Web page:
Navigating through immigration court procedures requires some important information for individuals with pending cases. Imagine a world where being updated and ready is like having a secret weapon. As immigration rules and situations change, being in the loop and well-prepared is your superpower. Being informed isn’t just a perk, it’s what empowers you to make a difference!
Be prepared for hearing dates to change frequently. Although you should eventually get a hearing notice by mail, these notices often take a while to arrive. To stay in the loop about your upcoming hearings, it’s smart to keep an eye on your case status. This requires your A# – a special 9-digit number on your court documents. You’ve got two simple ways to check your case status, Both of these systems provide information about your upcoming hearing, including its date, time, and location, available in both English and Spanish.
- Call the EOIR automated case information line at 1-800-898-7180, or
- Visit EOIR’s online portal for Automated Case Information.
Types of Hearings
Nowadays, many courts are using video or phone for hearings. If you’re not sure which format your hearing will follow, it’s wise to show up in person. To find out the specifics, just get in touch with the immigration court handling your case. Additional info about each immigration court can be found here: Operational Status Map.
⚠️WARNING⚠️ Remember, missing a hearing could lead to an order for your removal (deportation) from the United States. It’s absolutely vital to attend your hearings, whether they’re in person, via video, or on the phone.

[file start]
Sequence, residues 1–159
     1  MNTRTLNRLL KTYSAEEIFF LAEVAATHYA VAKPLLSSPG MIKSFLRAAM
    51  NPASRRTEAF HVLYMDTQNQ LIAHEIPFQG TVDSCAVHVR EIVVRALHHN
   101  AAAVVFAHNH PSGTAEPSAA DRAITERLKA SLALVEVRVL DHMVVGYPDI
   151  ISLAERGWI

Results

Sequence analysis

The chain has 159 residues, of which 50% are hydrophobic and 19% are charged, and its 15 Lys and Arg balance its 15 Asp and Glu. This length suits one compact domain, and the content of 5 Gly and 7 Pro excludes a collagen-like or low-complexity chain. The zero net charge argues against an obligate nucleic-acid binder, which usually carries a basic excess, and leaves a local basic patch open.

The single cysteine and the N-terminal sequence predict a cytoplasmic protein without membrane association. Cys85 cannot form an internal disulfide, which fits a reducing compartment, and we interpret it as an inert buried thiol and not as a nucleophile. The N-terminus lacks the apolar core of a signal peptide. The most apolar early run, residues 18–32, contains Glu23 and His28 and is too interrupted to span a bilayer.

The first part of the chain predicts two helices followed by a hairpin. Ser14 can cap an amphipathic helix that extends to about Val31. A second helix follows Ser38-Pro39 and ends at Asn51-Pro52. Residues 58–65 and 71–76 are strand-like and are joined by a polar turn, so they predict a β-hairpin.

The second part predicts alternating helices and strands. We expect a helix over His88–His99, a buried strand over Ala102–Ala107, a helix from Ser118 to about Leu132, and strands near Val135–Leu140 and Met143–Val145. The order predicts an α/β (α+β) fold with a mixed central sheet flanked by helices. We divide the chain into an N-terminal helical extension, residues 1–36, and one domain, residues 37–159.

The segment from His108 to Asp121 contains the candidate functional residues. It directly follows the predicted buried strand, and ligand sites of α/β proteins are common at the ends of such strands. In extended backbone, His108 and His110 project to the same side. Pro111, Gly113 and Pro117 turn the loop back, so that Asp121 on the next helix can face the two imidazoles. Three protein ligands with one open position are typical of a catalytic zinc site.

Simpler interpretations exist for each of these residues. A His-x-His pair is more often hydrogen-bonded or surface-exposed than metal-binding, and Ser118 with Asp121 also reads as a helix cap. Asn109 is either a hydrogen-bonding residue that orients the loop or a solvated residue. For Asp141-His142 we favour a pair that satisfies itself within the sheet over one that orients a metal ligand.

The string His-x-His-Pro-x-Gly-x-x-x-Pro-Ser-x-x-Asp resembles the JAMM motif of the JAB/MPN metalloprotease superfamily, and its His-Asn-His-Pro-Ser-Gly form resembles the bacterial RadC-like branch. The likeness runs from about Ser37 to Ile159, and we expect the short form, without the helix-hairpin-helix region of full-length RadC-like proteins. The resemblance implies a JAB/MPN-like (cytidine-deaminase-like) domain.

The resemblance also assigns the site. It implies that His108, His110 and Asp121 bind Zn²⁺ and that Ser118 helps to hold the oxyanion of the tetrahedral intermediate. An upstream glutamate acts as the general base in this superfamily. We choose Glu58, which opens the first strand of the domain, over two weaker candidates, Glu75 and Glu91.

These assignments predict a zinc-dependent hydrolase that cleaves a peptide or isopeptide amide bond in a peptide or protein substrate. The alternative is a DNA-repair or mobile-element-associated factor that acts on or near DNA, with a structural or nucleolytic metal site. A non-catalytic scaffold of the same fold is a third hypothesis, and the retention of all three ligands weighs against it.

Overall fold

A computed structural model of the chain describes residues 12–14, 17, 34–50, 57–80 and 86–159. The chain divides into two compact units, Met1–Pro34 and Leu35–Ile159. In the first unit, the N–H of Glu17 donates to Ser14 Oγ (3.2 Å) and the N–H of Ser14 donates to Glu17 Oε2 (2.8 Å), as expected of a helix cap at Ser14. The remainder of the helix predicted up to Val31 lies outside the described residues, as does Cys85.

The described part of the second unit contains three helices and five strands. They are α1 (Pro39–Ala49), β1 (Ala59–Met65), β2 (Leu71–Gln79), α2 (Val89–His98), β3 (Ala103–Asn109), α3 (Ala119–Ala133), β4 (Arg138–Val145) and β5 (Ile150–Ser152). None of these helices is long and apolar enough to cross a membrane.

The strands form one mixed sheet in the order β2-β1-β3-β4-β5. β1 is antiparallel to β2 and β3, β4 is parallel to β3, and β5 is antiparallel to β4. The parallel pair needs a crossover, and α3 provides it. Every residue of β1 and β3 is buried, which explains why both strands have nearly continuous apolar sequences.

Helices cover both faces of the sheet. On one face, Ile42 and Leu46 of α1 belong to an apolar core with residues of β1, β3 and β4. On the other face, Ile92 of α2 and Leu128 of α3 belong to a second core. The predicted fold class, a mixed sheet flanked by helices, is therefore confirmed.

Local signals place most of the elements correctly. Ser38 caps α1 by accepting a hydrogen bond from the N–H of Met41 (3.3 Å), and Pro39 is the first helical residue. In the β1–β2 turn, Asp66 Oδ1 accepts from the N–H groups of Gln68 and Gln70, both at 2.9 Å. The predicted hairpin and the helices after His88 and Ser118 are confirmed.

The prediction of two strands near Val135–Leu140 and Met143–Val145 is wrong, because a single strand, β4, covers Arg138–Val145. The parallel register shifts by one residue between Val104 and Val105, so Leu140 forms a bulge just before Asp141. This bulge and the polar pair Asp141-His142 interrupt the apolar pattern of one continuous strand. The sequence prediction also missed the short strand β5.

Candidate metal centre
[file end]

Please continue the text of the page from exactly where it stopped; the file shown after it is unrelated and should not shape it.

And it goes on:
Don’t forget, that the law requires you to keep your address current with the immigration court where your case is being heard. If your case is at an immigration court, fill out and submit Form EOIR-33IC to change your address. If it’s at the Board of Immigration Appeals (BIA), use Form EOIR-33BIA. You can grab both forms here: Downloadable EOIR Forms.
Sometimes, due to weather, COVID-19, or other reasons, immigration courts might temporarily close. If you want to find out whether an immigration court is open on your scheduled hearing day visit https://www.justice.gov/eoir-operational-status/operational-status-map.
Do I Have to Wear a Mask in Court?
Remember to follow any mask requirements in the area where the court is located. You can call the court to find out what these requirements are. Just use this link to find the phone number for the court handling your case: https://www.justice.gov/eoir/eoir-immigration-court-listing
Will I be provided with a lawyer for my removal (deportation) hearing in immigration court?
Immigrants appearing in immigration court have the right to a lawyer, but the government isn’t required to pay for the lawyer or make arrangements. A formal study on how foreign nationals get legal help in immigration cases actually shows that immigrants who have a lawyer are more likely to win. Immigrants who are in detention and have a lawyer are almost 11 times more likely to win their case compared to those without a lawyer. Similarly, immigrants who were never detained but had a lawyer are 5 times more likely to win their case.
Having a lawyer can make a big difference for immigrants dealing with deportation cases in immigration court. So, if you want the best outcome possible, working with an experienced immigration lawyer is a smart choice.